Rep. Dana Rohrabacher came under fire Tuesday for comments he made on Sacha Baron Cohen’s new spoof program, with critics saying he advocated arming toddlers to defend themselves at school, but the congressman insisting his comments were aired out of context in a “despicable” fraud by the comedian.
The Huntington Beach Republican, who is facing a tough re-election challenge by Democrat Harley Rouda, is seen on Cohen’s show “Who is America?” discussing school safety. In the show, Rohrabacher says, “Maybe having young people trained and understand(ing) how to defend themselves and their school might actually make us safer here.”
But the comments were used in a satirical piece in which the show’s fictional host, Cohen, proposes a plan that he says was implemented in Israel and armed children as young as 4 to protect against terrorists.
Rohrabacher critics jumped on the comments, with some activists even planning a protest Tuesday. But the congressman’s spokesman, Ken Grubbs, said Rohrabacher never endorsed any plan to arm toddlers.
“If you watch the segment, as the protesting students and parents evidently did not, you will see that Rep. Rohrabacher did not — repeat, did not — endorse the bogus program of training toddlers to use guns,” Grubbs said in an email to City News Service. “Cohen cynically inserted the congressman’s general comments on learning self-defense into the segment to make it appear he did. Cohen’s despicable approach went beyond satire to the level of egregious fraud.”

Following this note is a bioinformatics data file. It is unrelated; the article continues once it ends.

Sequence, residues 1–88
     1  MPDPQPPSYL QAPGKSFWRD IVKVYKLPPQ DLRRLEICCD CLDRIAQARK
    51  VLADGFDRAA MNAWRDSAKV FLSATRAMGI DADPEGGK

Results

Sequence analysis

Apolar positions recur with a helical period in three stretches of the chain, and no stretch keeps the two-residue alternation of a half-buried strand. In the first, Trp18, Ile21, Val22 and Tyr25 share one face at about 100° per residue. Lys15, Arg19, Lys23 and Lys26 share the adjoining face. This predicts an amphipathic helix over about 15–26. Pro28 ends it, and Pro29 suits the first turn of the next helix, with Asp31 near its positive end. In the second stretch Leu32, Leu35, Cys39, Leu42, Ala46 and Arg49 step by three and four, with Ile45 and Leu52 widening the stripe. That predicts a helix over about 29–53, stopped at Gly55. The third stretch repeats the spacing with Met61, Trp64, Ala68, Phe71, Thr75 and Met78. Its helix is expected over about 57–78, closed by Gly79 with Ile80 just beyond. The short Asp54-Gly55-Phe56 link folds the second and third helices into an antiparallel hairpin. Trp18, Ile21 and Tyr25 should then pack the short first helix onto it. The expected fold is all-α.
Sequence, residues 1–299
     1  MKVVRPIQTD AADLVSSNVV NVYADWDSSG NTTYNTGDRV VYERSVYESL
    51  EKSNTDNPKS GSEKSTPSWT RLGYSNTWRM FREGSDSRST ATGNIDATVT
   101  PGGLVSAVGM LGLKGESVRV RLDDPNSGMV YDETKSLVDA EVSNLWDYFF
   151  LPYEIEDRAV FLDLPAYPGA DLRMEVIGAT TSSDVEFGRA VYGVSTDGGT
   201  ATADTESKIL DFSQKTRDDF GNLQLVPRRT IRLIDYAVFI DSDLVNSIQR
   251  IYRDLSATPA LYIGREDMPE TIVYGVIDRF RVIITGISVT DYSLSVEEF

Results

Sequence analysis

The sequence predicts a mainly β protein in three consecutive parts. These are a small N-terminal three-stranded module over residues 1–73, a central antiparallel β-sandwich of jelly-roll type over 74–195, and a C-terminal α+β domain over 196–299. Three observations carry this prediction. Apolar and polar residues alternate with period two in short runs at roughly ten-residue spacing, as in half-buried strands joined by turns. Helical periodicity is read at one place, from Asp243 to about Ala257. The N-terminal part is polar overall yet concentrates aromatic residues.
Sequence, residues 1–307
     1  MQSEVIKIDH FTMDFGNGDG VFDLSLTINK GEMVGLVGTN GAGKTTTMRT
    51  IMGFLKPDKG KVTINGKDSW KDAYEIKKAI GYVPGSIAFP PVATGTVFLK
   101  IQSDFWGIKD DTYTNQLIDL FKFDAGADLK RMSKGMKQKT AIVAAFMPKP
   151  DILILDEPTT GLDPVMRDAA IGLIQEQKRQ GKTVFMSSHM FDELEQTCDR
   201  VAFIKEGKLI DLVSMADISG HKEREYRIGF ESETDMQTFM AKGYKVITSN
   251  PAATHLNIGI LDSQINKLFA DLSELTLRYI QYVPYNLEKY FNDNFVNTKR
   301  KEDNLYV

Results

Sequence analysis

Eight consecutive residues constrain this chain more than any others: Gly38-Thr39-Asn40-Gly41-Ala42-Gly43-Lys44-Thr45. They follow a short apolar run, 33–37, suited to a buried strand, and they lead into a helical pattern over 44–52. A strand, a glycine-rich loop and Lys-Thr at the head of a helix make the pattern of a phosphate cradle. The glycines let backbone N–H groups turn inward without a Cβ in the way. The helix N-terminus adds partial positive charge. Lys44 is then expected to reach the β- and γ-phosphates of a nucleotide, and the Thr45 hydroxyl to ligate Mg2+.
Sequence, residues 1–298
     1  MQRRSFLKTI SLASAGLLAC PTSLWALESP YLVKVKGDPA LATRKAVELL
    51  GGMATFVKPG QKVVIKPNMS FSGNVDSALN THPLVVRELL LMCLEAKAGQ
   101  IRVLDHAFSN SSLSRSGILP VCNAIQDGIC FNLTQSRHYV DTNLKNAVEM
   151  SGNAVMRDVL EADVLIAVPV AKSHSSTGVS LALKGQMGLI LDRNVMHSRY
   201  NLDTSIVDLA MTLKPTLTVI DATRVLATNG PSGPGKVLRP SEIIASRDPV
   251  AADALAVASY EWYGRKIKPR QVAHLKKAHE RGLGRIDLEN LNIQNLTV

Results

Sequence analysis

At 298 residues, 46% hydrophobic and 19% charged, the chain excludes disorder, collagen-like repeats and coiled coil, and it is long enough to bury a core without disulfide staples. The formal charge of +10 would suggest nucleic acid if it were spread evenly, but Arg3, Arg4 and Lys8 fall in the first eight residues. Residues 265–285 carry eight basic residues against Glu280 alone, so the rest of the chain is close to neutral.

A spokesman for the Democratic Congressional Campaign Committee panned Rohrabacher’s appearance on the show.
“Congressman Dana Rohrabacher would rather give guns to preschoolers to defend themselves than do his job as a U.S. congressman and defend our children by passing policies that would reduce gun violence,” DCCC spokesman Drew Godinich said.
The SoCal Health Care Coalition, which organized Tuesday’s protest, said Rohrabacher would “rather train and arm children as young as 4 years old than pass popular measures like assault rifle and bump stock bans, and expanding background checks. Caught on camera in this embarrassing exchange, Rohrabacher demonstrated that he is willing to put donations and the agenda of the National Rifle Association over the lives of Americans, including Orange County residents.”
A variety of political figures have lashed out at Cohen in recent weeks, saying they were duped or misled into appearing on the spoof program. Former vice presidential candidate Sarah Palin said a disguised Cohen claimed to be a disabled veteran to get her to consent to an interview. Democratic Sen. Bernie Sanders also claimed he was duped into an interview on the program.
Showtime, which airs the program, issued a statement Monday denying that Cohen — best known for his spoof film “Borat” — posed as a disabled veteran.
“In Sunday’s episode, during an interview with Senator Bernie Sanders, Baron Cohen in character as Dr. Ruddick was asked by the senator if he is disabled, and he stated that he is not and uses a mobility scooter to conserve his energy,” according to the cable network. “In addition, Baron Cohen never presented himself as a veteran of the U.S. military to former Alaska Gov. Sarah Palin during the booking process or during the filming of her interview, and contrary to her claims he did not appear in a wheelchair. In both the interview with Gov. Palin and the interview with Sen. Sanders, he did not wear military apparel of any kind.”